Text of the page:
Shown below on the left is the screw, washer and square brass block (which slides between the two sides of the slot in the tangent arm) and on the right the same assembly along with the two spacer washers mentioned above.  The screw, along with the three washers and brass block, was threaded back into the declination slow motion worm block to stop them getting lost as shown in the next photo.

 

tangent_arm3+4.png


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#14 Masvingo

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Posted 11 March 2018 - 07:49 AM

The lower cradle casting was then lifted off the declination bearing casting and I took this opportunity to unscrew the declination pointer to stop it being bent.  The two small securing screws were then reinstalled in the lower cradle casting to keep them from getting lost.

 

dec_pointer.png


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#15 Masvingo

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Posted 11 March 2018 - 07:52 AM

The declination slow motion assembly can then be disassembled from the lower cradle casting – starting with undoing the large chrome plated lock nut and removing it.

 

rebuild5+6.png


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#16 Masvingo

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Posted 11 March 2018 - 07:54 AM

Next the bushing for the declination worm can be unscrewed form its seat in the lower cradle casting and withdrawn over the declination worm pinion.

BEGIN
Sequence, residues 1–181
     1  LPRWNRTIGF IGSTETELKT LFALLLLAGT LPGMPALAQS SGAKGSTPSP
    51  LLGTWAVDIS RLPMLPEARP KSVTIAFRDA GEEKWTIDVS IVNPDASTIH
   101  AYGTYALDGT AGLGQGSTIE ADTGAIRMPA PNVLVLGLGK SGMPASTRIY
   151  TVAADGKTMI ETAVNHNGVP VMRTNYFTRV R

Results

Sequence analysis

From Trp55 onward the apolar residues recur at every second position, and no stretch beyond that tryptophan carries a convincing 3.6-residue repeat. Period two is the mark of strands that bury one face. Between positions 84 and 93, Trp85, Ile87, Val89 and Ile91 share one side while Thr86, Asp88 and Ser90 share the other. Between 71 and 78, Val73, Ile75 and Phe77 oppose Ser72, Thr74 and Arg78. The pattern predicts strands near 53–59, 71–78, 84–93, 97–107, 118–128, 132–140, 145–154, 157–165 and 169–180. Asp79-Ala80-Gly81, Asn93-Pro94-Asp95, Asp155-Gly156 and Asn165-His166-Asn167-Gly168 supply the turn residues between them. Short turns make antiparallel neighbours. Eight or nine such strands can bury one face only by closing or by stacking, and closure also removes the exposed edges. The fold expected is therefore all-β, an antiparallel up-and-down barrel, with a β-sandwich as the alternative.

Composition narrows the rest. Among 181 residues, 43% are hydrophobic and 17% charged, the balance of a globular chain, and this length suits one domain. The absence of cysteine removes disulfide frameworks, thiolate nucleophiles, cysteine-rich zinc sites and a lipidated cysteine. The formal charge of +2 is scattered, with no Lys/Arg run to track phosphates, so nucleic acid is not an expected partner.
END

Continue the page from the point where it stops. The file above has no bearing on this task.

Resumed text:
rebuild7+8.png


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#17 Masvingo

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Posted 11 March 2018 - 07:55 AM

Finally, the declination worm can be unscrewed from the worm block – the threads on the declination worm are the same as on the bushing so it unscrews through the seating for the bushing in the lower cradle casting.  The picture below shows the declination worm partially unscrewed.  Once it has been removed the declination worm block can be lifted away from the lower cradle casting.

 

rebuild9.png


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#18 Masvingo

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Posted 11 March 2018 - 07:59 AM

Strangely, there was a lot of aluminium swarf (blue arrows) mixed with grease around the top of the declination bearing where the brass retaining ring screws down to retain the lower cradle casting.  This was all cleaned out before reassembly.  The yellow arrow points to the location where the grub screw that locks the brass retaining ring in position sits.  (As noted above, the declination and azimuth lock knobs had been previously swapped over and the lock knob in the picture should actually be used for the azimuth lock knob.)

 

dec_head1.png


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#19 Masvingo

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Posted 11 March 2018 - 08:01 AM